engine 2 diet

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Austin, TX

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Lose weight, lower cholesterol, significantly reduce the risk of disease, and become physically fit—in just 4 weeks. Go plant-strong!
How the Engine 2 Diet Came to Life
As a world-class triathlete turned firefighter, Rip Esselstyn was used to responding to emergencies. When he learned that one of his fellow Engine 2 firefighters in Austin, Texas was in dire physical condition with a dangerously high cholesterol level of 344, he sprang into action and motivated the entire Engine 2 firehouse to join together in plant-strong solidarity to help save the life of their friend.

During his 10+ years as a professional triathlete, Rip had adopted a plant-based diet at the advice of his father, Dr. Caldwell B. Esselstyn, chief of surgery at the Cleveland Clinic, who discovered through medical research that a plant-based, low fat diet could reverse heart disease and diabetes.

By committing to plant-based meals with Rip as their guide, all the Engine 2 firefighters in Austin lost weight (some more than 20 lbs.), lowered their cholesterol (Mr. 344′s dropped to 196), and improved their overal health. Rip outlines his proven plan in his book, The Engine 2 Diet -- now a New York Times bestseller. His plant-powered eating program is based on a diet of whole foods, including vegetables, whole grains, fruit, legumes, seeds and nuts and is designed to transform your body and your lifestyle in just 28 days.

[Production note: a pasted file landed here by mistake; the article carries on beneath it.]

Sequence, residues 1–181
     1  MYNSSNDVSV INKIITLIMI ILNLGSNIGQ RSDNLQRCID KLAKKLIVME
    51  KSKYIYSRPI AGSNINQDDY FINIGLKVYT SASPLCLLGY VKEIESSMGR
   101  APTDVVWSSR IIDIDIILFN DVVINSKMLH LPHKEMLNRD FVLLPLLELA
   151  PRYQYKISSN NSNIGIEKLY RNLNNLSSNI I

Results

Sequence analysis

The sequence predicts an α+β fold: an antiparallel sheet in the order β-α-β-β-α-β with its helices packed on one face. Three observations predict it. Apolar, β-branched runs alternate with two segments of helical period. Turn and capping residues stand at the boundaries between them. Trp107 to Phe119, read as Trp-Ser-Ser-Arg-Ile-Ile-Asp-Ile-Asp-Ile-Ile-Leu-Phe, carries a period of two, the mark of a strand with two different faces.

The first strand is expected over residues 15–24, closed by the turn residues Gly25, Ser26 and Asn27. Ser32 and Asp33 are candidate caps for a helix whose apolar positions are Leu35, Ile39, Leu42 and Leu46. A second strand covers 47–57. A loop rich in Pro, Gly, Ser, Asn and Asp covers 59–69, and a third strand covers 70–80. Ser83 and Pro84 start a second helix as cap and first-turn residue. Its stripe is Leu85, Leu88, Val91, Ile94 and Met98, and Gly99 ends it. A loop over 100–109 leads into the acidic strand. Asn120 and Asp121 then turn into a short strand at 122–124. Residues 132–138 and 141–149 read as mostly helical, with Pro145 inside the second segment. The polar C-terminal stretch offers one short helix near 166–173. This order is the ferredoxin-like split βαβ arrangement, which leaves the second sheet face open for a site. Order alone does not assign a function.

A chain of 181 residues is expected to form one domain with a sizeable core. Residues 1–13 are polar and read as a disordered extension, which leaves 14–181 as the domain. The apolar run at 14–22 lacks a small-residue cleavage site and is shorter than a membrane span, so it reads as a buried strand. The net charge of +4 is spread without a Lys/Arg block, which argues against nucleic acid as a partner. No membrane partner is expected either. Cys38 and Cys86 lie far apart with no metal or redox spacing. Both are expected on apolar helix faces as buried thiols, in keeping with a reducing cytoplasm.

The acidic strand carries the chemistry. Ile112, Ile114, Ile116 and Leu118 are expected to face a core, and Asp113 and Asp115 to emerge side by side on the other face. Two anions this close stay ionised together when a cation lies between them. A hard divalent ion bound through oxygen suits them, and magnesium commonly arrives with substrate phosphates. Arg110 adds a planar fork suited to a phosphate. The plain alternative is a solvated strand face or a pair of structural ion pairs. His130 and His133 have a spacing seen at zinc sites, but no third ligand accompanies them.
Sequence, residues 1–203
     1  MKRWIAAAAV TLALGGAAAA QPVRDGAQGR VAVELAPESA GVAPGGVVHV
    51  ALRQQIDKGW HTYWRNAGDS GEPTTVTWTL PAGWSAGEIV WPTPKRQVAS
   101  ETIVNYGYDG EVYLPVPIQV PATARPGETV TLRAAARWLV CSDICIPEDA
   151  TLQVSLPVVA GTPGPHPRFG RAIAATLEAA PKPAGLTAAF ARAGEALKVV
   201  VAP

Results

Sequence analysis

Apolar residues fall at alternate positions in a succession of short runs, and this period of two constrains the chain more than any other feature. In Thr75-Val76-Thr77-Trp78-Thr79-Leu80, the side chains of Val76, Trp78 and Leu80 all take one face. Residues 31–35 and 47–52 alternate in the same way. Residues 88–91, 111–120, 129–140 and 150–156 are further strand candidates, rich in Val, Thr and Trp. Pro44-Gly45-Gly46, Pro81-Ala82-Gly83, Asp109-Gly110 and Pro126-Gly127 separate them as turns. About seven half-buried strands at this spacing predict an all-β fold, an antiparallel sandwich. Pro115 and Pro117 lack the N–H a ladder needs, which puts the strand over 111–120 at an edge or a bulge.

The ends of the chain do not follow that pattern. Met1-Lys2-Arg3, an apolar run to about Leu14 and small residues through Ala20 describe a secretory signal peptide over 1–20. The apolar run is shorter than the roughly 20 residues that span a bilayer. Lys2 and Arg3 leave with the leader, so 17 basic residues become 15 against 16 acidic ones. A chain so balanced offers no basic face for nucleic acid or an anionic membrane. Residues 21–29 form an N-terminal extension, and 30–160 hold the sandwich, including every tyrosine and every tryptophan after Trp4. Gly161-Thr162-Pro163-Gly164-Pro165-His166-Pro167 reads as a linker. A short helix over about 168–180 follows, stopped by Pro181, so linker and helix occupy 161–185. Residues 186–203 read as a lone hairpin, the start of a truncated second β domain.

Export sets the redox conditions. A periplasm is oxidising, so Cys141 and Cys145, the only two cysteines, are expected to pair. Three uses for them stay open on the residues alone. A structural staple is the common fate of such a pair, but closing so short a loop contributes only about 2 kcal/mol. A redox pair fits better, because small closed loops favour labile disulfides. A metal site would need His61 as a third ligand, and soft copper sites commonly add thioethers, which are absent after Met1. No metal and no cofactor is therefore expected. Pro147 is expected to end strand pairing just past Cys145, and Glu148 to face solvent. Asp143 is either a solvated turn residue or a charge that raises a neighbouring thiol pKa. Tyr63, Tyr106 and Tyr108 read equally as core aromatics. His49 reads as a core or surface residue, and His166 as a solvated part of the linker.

Since Rip joined Whole Foods Market as a Healthy Eating Partner in the Fall of 2009, interest in Engine 2 and the plant-strong lifestyle has increased exponentially as Healthy Eating Specialists at Whole Food Market stores nationwide guide customers in discovering the plant-strong lifestyle through 28 Day Engine 2 Challenges.

With First Lady Michelle Obama’s call to end the childhood obesity epidemic within one generation and the surging public awareness of the link between diet and disease – interest in learning what really constitutes healthy eating has never been greater. Even our former fast-food president, Bill Clinton recently announced his new commitment to a plant-based diet -- and he credited Dr. Esselstyn's research for his decision.

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